Australia part 1

Fat ibises

Travelling to Australia felt like opening my arms wide. Do you know how it feels to walk onto your balcony and have fresh air flowing into your face? Your thorax expands. Alveoli cannot rest. While driving on distances that are unknown to our little but great Europe, my inner walls felt like they were filled with popping popcorns. I spent around one month in Australia and I felt I was a kid again. I learnt that the sky can be wider than they taught you. That it’s possible to be in a place where, instead of crows, you see fat ibises.  That marvelling at life is Life: it’s fantastic to be left with your mouth open saying “whaaaat?” like when you were five and you saw an airplane dancing among clouds for the first time.
This is my Australia. I hope you will like it.

Twenty-seven

It took me 27 hours to get there. I probably saw 27 countries flying away underneath me, outside my plane window. Cultures, religions, seas and oceans, true and immaginary borders flow away down there. I felt like getting up from my comfy chair at thousands of feet in the sky and go to the pilot and ask him “Hey, what’s that down there? I bet you anything that, with all these buttons and mechanisms, you know where we are at the moment”. 27 are the times that, across 4 stopovers (the first in London, the second in Abu Dhabi, the third in Singapore, the fourth in Brisbane), I got up and went walking in the aisle of the plane. You need to organize something to get the time in gear up there. 27 are the times that the fligth crew asked me if I needed anything, maybe some water, some biscuits, some screwdrivers, some blankets, some ducks. 27 are the beats my heart skipped when Sydney appeared out of the window. I could have flown 42 hours if I had to to get here, to see all of this.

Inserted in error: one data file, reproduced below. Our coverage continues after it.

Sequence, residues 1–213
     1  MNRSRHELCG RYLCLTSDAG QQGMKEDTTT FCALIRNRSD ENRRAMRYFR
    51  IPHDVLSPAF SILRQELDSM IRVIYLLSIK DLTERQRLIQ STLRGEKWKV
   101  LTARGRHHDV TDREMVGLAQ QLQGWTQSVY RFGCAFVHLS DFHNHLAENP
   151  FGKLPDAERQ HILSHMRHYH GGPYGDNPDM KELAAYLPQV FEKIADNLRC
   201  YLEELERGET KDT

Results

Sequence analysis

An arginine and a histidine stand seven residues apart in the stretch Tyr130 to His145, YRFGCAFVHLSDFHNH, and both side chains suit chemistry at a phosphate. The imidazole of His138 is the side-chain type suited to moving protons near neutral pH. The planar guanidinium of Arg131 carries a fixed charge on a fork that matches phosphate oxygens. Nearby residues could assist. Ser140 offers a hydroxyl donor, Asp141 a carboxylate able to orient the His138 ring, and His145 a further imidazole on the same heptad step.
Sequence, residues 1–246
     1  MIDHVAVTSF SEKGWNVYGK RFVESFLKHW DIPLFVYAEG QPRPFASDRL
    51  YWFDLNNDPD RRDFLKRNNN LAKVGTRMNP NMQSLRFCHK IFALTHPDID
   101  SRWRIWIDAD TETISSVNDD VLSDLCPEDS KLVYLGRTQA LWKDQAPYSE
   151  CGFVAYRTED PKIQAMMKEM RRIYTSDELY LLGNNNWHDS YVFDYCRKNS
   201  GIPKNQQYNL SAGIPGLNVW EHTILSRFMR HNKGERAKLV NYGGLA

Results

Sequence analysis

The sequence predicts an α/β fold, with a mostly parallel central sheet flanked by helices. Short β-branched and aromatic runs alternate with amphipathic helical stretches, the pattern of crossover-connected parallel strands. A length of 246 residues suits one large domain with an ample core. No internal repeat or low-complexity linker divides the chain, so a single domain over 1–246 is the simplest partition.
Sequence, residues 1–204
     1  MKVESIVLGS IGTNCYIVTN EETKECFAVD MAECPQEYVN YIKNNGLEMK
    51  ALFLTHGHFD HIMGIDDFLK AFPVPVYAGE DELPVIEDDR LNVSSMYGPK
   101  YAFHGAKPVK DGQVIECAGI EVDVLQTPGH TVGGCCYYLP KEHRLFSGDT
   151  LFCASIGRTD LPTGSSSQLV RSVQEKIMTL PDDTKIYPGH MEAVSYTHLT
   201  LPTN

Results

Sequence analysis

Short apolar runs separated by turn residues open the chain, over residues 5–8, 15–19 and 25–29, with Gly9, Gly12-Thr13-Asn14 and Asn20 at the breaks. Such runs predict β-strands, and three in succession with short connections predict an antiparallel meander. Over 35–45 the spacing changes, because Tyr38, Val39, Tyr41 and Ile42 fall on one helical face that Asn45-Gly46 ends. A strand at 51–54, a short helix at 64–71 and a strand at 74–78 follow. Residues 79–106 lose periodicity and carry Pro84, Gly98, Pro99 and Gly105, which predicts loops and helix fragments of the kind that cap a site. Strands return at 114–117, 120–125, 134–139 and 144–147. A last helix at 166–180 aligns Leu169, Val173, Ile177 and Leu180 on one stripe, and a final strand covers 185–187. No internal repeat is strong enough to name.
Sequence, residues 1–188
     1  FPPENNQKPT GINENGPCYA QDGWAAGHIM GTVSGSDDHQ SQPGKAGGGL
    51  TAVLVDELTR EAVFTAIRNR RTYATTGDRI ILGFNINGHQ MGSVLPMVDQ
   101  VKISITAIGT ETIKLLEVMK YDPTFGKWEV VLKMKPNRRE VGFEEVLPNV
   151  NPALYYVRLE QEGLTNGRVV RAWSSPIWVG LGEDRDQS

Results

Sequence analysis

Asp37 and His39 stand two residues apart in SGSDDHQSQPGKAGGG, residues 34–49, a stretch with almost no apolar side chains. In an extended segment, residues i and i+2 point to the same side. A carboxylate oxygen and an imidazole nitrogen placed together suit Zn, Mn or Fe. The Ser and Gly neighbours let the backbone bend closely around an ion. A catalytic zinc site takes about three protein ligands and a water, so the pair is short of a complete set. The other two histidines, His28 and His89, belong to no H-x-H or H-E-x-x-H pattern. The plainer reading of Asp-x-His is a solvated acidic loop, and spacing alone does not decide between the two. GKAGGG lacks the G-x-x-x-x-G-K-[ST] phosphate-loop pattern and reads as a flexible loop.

Beagles, the Truth keepers

When you land, you can’t help but thinking “It’s going to be filled with surfers”. Reality is different as at the arrivals hall the world is waiting for you queueing up, passports in their hands. They all try to fill in the landing cards that ask you those questions that you will need to answer at least once in your life: have you ever been in jail? Do you carry drugs with you? Do you take drugs? Your baggage in the meanwhile goes inside gigantic metal-detectors. Little cute dogs called beagles are running all around you. They have short legs and drooping ears and hopefully they will not snif at you too long because if they do, you’d be in trouble. They are the owners of Truth at Sydney airport. They look at you with those puppy eyes as big as the moon, and they seem to ask you: “Did you tell the truth, on your landing card?”.
I am generally defined as a good person, so when I get to the border, I look at the officer and told him how happy I was to be there. He looks back at me and replies: “Excellent English my girl. Welcome to Australia!”.

Bang! A new stamp on my passport.
Let this adventure on the other side of the planet begin.

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